Employees need to know a lot about technology, but they don't need to know everything.

Just as an automobile driver is not an auto mechanic, a computer user doesn't need to be a computer mechanic.

But there are things they should know. So, tell them what those things are.

1. Periodically conduct a general technology learning session for your employees, to help them feel comfortable with technology (not all of them are) and to become familiar with tools and tricks they may not normally employ.

Even regular tech users can benefit, as many may be able to fill in the gaps in their knowledge.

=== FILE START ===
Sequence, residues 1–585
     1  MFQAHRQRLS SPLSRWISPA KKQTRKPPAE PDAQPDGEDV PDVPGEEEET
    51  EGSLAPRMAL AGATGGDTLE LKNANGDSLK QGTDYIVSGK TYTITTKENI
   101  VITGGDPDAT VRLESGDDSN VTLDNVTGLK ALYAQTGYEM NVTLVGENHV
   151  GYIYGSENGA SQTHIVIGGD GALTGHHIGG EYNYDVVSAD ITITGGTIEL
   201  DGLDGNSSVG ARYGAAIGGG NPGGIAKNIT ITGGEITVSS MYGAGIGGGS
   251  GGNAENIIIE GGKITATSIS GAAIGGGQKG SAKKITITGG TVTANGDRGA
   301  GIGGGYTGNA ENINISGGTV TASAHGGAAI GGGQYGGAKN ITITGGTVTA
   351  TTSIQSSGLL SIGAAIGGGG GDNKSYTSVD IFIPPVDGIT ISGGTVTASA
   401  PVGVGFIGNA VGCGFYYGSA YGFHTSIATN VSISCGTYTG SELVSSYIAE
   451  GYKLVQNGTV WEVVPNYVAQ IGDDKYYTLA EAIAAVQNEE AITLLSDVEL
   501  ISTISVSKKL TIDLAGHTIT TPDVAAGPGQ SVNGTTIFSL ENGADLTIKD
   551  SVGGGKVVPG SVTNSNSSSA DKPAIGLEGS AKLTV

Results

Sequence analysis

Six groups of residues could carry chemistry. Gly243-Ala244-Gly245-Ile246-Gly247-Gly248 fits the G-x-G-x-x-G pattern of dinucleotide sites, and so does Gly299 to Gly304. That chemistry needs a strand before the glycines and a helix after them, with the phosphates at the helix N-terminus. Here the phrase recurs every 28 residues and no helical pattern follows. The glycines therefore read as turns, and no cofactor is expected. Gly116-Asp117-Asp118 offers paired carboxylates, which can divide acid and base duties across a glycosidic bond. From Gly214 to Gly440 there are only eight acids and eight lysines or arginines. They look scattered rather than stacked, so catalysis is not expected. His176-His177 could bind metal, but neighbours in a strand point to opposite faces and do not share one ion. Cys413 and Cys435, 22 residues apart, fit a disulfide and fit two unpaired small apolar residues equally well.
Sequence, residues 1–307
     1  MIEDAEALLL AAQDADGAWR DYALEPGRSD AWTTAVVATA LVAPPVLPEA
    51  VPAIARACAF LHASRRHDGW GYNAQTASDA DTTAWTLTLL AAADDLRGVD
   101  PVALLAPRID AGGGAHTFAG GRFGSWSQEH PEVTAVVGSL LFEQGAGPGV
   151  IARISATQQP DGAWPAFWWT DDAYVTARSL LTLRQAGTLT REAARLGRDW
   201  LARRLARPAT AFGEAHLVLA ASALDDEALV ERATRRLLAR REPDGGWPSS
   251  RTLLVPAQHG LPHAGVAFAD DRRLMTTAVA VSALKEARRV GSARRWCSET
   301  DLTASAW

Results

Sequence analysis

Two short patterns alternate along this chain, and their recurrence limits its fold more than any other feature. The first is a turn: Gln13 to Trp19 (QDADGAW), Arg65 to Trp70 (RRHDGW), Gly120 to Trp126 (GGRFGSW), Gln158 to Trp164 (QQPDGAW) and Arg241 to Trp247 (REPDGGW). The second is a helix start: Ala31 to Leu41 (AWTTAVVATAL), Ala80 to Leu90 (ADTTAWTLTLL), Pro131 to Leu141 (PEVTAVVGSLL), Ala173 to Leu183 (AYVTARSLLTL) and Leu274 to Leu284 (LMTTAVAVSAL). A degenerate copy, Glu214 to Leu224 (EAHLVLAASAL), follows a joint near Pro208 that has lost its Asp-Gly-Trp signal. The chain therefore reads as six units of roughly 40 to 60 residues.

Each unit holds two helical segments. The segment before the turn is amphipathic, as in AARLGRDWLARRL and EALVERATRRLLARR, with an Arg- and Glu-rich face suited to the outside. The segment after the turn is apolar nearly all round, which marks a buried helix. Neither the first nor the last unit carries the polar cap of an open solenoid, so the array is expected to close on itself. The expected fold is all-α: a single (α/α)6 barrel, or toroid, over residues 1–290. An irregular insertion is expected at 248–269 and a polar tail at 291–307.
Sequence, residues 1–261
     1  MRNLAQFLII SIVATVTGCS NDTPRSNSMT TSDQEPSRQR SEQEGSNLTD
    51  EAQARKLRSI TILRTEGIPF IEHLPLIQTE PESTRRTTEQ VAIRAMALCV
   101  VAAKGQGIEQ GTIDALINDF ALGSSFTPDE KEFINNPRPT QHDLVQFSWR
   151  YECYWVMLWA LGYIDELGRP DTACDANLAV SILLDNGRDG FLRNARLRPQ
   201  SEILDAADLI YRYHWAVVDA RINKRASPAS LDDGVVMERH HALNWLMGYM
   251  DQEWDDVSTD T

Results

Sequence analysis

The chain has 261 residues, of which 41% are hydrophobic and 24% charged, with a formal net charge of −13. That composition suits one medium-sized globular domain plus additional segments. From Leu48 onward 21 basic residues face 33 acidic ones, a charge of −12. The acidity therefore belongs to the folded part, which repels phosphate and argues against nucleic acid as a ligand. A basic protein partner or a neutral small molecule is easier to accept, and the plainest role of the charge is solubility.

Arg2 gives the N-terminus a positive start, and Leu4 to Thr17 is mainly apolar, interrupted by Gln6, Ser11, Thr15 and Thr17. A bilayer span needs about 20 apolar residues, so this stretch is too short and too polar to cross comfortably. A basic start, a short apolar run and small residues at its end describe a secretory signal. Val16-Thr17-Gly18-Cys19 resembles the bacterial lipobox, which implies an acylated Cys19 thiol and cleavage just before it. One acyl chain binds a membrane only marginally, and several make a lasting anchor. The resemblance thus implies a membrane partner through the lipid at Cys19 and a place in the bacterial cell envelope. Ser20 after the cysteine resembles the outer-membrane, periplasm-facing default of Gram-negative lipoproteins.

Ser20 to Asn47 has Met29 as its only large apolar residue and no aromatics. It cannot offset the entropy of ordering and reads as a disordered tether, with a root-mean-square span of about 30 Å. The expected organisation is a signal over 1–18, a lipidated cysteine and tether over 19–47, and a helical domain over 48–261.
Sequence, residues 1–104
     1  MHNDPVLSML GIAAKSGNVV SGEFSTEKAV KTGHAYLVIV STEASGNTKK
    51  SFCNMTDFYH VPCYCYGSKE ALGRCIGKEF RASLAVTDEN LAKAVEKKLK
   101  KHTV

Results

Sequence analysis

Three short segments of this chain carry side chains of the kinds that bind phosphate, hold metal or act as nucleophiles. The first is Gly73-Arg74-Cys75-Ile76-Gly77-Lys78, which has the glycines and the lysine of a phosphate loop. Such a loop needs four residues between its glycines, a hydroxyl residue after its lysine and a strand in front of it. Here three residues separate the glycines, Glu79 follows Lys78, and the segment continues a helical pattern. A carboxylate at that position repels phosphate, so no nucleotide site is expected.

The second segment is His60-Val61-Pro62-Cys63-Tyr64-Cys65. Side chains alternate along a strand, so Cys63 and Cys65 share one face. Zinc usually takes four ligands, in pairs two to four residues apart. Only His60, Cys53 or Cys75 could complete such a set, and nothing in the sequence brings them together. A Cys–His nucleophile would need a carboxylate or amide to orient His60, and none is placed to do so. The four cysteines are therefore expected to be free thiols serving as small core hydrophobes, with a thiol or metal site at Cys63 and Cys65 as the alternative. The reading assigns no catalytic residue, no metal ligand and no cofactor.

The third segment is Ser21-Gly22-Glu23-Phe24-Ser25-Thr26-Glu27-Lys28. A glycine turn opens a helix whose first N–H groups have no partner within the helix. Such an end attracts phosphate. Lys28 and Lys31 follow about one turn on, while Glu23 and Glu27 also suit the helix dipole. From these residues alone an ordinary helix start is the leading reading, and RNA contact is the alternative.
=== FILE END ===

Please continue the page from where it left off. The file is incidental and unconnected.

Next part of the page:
Folks can learn how to do "quick fixes," understand error messages, deal with viruses, and handle power problems.

2. Routinely conduct a session tailored to the needs of users in your organization. It's not just a software tutorial. It should also be a problem-solving session so employees will know when and how to troubleshoot themselves and when an IT expert should be called in to help.

Technology changes constantly and there will always be something new to share with employees. So help keep them ahead of the curve and incorporate technology education into your operations all year long.